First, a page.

Teaching English to Dutch school children
Thread poster: Olly Pekelharing

Olly Pekelharing  Identity Verified
Netherlands
Local time: 22:07
Member (2009)
Dutch to English
May 24, 2012

Hullo,

My kids go to a small country school which is threatened with closure (as are all small schools in the Netherlands). We (teachers and parents) are feverishly trying to think of ways to make the school more attractive to maintain or increase pupil numbers and one idea is to offer extracurricular English lessons. The idea was mine and I've offered to set up a series of lessons as a pilot, but now I'm wondering how to go about it. Does anyone have any suggestions or could you recommend a cheap or free programme? I'm thinking there must be useful extension programmes such as used in rural development. These are primary school children aged between 4 and 12 with no prior experience of English other than Dora the Explorer (with the exception of my kids!).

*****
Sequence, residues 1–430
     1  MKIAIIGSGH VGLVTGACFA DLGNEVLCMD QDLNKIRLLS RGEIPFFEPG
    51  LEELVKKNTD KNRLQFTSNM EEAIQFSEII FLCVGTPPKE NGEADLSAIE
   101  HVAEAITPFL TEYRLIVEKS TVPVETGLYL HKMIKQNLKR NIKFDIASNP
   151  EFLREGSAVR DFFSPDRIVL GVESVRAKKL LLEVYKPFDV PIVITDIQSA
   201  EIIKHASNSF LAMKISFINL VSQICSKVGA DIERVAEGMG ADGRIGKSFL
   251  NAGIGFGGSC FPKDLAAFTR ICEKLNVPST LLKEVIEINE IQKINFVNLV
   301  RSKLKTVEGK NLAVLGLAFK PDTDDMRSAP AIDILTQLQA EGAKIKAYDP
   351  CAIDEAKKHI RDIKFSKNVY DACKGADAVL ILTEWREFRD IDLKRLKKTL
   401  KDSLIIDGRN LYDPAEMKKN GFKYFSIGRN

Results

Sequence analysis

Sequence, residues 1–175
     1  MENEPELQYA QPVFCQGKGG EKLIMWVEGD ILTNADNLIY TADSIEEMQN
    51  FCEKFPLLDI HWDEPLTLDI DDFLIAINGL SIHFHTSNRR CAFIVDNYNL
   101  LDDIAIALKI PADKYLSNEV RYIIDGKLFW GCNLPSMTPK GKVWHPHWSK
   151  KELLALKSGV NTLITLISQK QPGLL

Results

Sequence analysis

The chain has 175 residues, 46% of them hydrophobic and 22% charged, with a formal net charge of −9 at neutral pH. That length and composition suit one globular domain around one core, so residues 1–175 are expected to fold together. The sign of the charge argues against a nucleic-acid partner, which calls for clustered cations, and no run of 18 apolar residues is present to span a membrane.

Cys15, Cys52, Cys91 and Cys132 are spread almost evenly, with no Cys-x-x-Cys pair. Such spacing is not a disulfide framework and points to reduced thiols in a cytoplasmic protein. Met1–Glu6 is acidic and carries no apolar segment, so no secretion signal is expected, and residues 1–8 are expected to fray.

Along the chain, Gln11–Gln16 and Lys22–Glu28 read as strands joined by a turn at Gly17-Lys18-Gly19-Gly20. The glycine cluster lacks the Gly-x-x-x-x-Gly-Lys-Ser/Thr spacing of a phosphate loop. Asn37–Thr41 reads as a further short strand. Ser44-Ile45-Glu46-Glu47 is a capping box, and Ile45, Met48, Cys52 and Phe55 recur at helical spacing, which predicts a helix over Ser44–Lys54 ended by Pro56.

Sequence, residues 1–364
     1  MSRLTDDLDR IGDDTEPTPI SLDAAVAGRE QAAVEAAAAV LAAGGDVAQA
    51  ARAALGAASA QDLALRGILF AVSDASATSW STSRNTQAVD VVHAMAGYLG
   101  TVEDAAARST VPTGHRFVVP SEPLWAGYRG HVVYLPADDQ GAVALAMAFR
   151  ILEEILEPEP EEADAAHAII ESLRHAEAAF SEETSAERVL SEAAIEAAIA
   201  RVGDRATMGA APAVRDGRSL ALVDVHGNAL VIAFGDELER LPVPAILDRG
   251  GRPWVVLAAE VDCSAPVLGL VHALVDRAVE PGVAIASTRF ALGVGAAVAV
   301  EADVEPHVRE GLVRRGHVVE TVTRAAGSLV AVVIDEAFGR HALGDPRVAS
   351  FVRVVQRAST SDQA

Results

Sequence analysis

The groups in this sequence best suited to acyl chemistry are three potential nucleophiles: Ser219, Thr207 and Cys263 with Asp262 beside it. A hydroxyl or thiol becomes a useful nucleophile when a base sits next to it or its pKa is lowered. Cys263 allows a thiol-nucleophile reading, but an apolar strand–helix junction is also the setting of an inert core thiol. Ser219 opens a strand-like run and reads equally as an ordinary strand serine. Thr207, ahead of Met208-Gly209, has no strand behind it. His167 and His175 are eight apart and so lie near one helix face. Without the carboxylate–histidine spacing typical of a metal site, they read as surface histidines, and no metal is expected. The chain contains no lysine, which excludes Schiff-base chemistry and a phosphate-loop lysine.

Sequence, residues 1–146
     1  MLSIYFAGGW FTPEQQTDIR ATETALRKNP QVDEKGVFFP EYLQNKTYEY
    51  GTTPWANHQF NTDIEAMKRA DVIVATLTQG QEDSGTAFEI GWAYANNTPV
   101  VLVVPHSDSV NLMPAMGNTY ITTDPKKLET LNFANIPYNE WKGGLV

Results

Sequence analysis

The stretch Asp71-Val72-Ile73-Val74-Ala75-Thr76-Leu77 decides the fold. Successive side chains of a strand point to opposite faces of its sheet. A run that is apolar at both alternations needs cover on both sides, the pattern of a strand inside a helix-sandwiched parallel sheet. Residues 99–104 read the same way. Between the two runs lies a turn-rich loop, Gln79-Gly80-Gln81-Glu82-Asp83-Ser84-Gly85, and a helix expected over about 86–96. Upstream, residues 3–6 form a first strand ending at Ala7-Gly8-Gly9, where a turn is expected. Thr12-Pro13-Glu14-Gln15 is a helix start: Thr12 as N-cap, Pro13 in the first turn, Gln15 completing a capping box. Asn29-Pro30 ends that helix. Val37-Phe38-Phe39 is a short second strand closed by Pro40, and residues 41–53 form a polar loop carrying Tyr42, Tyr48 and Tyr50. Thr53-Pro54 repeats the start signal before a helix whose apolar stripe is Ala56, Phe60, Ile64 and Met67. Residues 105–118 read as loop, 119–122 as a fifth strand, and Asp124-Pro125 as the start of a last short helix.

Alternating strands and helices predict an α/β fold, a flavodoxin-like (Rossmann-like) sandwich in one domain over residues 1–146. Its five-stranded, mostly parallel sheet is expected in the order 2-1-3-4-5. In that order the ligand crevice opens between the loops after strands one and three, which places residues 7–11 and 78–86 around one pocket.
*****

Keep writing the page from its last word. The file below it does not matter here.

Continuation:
Thanks,

Olly


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Ty Kendall  Identity Verified
United Kingdom
Local time: 21:07
Hebrew to English
Some (perhaps useful, perhaps pointless) links May 24, 2012

I teach/taught adults so this isn't exactly my forté, but I'm attaching some links which may/may not be useful:

http://learnenglishkids.britishcouncil.org/en/
http://www.primarylanguages.org.uk/resources/qca_schemes_of_work.aspx

These are more generic links which might help you with ideas for a general scheme of work for any course you end up running.

In addition, you might want to look at what they do in China with "Disney English" which covers the age ranges you mention:

http://www.disneyenglish.com/en/

Hope this helps.


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Olly Pekelharing  Identity Verified
Netherlands
Local time: 22:07
Member (2009)
Dutch to English
TOPIC STARTER
Thanks! May 24, 2012